I say: ditch the bollards, dump the jersey barriers, and have the guards stand down. The free and open access to our nation's memorials, monuments and government buildings was--for a long time--the final remaining vestige of a truly free and open government. It's time for the government to step back, exhale deeply, and restore it.

2 comments:

IMGoph said...

thank you! thank you! thank you!

i could rant on and on for hours about how i feel about the securitocracy that has sprung up after the oklahoma city bombings, and has been exacerbated after 9/11/01, but you've hit the high points.

i think one thing that needs to be said is this:

you're right, the guards, bollards, jersey barriers, etc., completely destroy the image of an open society that we're supposed to have. they are jarring emotionally, physically, and spiritually (in the purest sense of the word).

i think we need to remember that the memorials exist as memorials to an idea, and are not memorials to the memorials themselves. if the washington monument fell down tomorrow, if the lincoln memorial was destroyed today, it wouldn't matter. in the long run, it wouldn't matter. we would still have the ideas that they represent. that can't be taken away from us. memorials and monuments are just copper, concrete, mortar, brick, glass, steel, and stone.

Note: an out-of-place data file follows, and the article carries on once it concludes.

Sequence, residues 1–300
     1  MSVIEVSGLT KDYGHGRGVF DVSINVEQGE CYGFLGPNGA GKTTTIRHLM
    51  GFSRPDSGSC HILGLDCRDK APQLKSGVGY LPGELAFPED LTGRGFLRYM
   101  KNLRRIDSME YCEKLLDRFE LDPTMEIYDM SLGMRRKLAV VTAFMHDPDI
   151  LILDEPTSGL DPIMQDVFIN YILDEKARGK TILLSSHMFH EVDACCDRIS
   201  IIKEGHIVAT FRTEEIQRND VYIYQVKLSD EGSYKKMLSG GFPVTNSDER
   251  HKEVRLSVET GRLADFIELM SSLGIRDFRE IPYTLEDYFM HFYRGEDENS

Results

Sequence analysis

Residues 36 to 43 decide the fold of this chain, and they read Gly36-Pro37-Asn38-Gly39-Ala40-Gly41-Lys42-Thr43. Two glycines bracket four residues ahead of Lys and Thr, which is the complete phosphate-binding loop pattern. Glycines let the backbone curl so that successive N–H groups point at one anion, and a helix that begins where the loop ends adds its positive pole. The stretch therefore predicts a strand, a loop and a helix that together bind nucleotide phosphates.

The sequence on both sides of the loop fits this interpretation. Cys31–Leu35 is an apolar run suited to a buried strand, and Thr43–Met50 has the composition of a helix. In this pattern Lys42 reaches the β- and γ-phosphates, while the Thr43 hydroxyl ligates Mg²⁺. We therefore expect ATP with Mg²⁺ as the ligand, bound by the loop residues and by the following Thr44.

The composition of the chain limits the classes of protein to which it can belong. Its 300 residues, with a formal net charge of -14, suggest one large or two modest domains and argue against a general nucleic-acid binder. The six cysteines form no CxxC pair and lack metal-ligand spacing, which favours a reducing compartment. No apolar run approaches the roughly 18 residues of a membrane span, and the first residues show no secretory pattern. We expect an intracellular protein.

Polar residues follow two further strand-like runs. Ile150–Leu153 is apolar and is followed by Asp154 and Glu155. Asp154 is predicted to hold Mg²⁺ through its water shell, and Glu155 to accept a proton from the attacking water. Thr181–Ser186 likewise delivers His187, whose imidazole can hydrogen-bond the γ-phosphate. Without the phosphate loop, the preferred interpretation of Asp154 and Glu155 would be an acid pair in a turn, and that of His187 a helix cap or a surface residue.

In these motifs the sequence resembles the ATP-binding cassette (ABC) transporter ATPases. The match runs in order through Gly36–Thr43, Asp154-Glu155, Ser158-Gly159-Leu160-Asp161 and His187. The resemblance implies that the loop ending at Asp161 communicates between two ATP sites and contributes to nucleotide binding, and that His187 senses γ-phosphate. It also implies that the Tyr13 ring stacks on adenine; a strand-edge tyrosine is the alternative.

they can be rebuilt.


the ideas they represent, if purged from our nation's psyche and our reason for being, cannot. if we lose the ideas and ideals of the freedom that makes us us, then all the protected stone in the world means nothing.

paraphrasing ronald reagan (which is surprising, but appropriate), "mr. bush, tear down these walls!"

Mr. 14th & You said...

Thanks for the addendum, imgoph. You addressed some points that, looking back, I didn't exactly hammer home enough. My point--which you seemed to gather--was indeed that these memorials are simply made out of materials. They're beautiful, they're inspiring--but ultimately they're structures that can be rebuilt. The loss we have experienced as this city (and country) has gone security-crazy is far more immense and substantial than the destructionof any monument.